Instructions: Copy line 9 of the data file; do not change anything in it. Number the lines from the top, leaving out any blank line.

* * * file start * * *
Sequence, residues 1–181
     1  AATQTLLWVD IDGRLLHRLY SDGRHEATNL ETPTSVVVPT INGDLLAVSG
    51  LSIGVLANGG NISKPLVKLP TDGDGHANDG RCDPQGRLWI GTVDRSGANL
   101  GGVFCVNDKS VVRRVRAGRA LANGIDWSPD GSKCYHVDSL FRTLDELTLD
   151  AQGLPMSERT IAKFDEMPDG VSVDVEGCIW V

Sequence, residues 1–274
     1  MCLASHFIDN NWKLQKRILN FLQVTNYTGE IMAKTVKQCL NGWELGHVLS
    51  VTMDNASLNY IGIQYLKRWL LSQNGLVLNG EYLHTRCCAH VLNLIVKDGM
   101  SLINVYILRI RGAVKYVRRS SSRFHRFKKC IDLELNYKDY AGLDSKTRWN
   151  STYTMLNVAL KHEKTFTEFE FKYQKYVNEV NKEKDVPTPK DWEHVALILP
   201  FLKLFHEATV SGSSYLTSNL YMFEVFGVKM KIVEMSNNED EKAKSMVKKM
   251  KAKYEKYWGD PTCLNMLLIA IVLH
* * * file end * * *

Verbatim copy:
   101  SLINVYILRI RGAVKYVRRS SSRFHRFKKC IDLELNYKDY AGLDSKTRWN